In the 15th Century, Japanese Shogun Ashikaga Yoshimasa broke his favourite tea bowl. He sent it to China to be fixed but was disappointed to see that it came back held together with unsightly metal staples. He then asked his Japanese craftsmen to repair the bowl more aesthetically.
The general tendency is to repair broken things with the aim of concealing the flaws and make them look as good as new. Interestingly the Japanese craftsmen filled the cracks in the bowl with lacquered resin and powdered gold, transforming the cracks into little rivers of gold. They actually highlighted the brokenness of the bowl. Now that broken bowl had not only become a stunning piece of art but had also become stronger at the cracks. This is how the Japanese art of Kintsugi was born. It is known for celebrating breakage as an integral part of the history of the object, rather than something to disguise.
This creates a radical transformation from Broken to Newly Whole, from feeling useless to Being Priceless.
Are we any different from that bowl?
In the pursuit of achieving our goals and aspirations, did we not experience some of the following:
- Friendships that went awry
- Heartaches and heartbreaks
- Some relationships that turned sour
- Unfulfilled dreams
- The feeling of not being understood
- Vulnerable moments
- Hurts, judgments, or seemingly unfair treatment
- Failures, betrayals, and traumas
These are essential ingredients in the journey of life. We may understand that conceptually, yet when we are in the midst of some challenges, it can often feel like the end of the world literally.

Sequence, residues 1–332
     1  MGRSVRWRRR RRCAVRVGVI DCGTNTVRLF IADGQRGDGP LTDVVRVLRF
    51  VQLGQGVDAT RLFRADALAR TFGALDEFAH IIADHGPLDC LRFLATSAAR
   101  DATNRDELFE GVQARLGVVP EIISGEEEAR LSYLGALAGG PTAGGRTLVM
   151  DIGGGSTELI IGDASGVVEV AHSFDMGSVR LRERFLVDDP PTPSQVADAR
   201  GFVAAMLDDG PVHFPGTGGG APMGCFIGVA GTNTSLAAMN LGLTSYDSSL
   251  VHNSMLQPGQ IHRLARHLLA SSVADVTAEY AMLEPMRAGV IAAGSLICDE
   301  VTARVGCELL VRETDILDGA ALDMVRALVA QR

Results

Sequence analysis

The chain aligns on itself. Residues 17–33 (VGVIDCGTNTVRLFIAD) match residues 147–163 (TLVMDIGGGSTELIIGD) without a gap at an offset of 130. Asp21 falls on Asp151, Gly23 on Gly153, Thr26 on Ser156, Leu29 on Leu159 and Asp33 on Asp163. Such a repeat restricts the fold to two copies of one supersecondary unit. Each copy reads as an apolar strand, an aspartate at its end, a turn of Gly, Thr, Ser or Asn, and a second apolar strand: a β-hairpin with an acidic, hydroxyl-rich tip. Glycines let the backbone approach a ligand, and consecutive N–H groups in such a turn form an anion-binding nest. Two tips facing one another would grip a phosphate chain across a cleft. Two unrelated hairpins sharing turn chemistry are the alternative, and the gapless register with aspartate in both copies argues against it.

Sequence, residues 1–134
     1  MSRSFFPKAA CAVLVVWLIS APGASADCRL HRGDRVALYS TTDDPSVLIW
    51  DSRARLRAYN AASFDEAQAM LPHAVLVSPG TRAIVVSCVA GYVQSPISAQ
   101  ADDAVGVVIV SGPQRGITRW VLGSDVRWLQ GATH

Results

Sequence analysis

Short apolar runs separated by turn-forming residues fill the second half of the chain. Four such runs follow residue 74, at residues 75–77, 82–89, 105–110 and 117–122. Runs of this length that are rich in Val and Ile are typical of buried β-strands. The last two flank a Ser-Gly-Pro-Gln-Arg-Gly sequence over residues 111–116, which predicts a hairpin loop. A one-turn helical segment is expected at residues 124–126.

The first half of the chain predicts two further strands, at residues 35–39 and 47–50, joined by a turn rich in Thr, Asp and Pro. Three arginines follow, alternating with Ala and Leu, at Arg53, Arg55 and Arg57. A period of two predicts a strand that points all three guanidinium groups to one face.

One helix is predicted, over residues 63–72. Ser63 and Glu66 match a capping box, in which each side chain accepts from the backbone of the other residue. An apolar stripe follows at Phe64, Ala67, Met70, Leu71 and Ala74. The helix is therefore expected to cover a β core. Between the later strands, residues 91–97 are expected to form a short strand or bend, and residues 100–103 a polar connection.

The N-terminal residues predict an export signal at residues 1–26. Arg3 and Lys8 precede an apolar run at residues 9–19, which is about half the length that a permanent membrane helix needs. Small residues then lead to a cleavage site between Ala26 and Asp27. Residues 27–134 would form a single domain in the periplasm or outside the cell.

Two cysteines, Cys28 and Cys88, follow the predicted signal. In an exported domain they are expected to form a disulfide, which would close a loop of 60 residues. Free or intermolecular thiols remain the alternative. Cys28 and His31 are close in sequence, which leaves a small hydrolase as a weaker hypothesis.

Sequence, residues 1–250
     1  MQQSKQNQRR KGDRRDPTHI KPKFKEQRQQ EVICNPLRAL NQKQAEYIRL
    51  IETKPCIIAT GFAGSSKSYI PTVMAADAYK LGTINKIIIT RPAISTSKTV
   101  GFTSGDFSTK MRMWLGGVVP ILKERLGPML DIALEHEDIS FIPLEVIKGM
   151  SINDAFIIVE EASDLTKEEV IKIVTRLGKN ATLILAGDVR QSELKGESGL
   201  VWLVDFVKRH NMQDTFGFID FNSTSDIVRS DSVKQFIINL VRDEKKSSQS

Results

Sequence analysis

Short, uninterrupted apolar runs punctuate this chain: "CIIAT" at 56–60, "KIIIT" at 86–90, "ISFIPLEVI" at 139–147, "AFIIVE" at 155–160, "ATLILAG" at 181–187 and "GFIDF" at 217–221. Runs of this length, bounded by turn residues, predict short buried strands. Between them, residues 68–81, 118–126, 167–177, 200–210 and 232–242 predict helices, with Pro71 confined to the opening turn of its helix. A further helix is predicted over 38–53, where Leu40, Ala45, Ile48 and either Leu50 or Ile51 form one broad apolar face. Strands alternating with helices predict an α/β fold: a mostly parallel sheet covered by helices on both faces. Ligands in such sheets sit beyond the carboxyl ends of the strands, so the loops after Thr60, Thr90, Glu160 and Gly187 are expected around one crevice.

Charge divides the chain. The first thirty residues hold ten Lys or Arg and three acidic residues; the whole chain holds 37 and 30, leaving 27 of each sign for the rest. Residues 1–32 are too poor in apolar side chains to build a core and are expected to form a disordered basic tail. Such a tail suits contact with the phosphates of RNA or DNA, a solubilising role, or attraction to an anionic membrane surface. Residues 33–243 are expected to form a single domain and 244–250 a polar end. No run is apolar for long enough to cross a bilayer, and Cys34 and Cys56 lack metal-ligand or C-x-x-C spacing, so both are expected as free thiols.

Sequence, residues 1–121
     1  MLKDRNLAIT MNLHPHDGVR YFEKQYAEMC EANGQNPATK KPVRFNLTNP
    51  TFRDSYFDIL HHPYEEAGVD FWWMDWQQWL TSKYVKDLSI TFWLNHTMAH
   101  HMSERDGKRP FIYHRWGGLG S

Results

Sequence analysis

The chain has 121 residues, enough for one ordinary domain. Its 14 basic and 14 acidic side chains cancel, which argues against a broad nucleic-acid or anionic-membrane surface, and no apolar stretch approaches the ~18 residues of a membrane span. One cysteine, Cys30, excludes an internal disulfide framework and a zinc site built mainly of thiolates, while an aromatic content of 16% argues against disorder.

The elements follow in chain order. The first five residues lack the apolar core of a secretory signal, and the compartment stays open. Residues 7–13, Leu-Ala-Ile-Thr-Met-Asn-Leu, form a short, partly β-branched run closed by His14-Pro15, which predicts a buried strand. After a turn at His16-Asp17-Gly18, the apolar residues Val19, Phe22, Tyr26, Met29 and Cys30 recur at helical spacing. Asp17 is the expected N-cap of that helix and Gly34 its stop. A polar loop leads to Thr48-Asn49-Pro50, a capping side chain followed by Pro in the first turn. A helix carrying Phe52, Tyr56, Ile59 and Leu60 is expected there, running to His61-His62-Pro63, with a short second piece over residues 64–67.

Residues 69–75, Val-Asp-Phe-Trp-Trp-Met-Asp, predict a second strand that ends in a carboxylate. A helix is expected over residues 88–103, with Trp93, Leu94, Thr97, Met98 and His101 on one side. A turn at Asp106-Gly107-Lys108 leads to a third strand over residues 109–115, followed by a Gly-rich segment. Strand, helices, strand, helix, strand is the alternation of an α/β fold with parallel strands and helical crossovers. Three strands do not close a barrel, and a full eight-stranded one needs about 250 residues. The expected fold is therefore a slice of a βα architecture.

What really matters is how we respond to challenging experiences.
- Do we get stuck?
- Does our resilience show up?
- Do we go in denial of what’s happening?
- Do we feel like a victim?
- Do we get sucked into blame, anger, hatred, guilt, or maybe self-pity?
Even if we have a great coping mechanism, something does seem to feel broken inside. We cease to feel whole and complete, often accompanied by a concern that cracks could now show. Thus arises a desperate need to fix so that we can take our life back to how it used to be. But is that possible?
Remember the broken bowl did not become how it used to be, instead, it became better than new.
Similarly, if we observe, all those challenging experiences we went through have invariably made us stronger, more resilient, compassionate, courageous, understanding, empathetic, and wiser. They even pushed us to go into uncharted territories, and often surprised us with our own abilities and strengths. Our actual potential got revealed. Had it not been for my traumatic relationships and the ongoing high levels of anxiety, I probably would not have found my voice, courage, and the levels of empathy that I now have. I would not have explored the multiple dimensions of the human mind and its infinite potential. I may not have connected to my life purpose.
When things seem to be falling apart, how can we apply Kintsugi to:
Cultivate acceptance and appreciation of our perceived imperfections and flaws.
Believe that we can heal, and celebrate our scars as key milestones in life.
Develop compassionate sensitivity towards ourselves.
Recover from adversity to not just survive, but even thrive.
Professional guidance is undoubtedly the key.
Interestingly no two Kintsugi pots are ever alike because each pot develops its own unique cracks. So each Kintsugi pot develops into a unique piece of art.
Likewise, it is the uniqueness of our struggles, failures, rejections, heartbreaks, and traumas clubbed with our unique overcoming techniques, behaviour patterns, achievements, and successes that make each human being a true masterpiece.
Celebrate your journey through Feeling Broken to Being Newly Whole.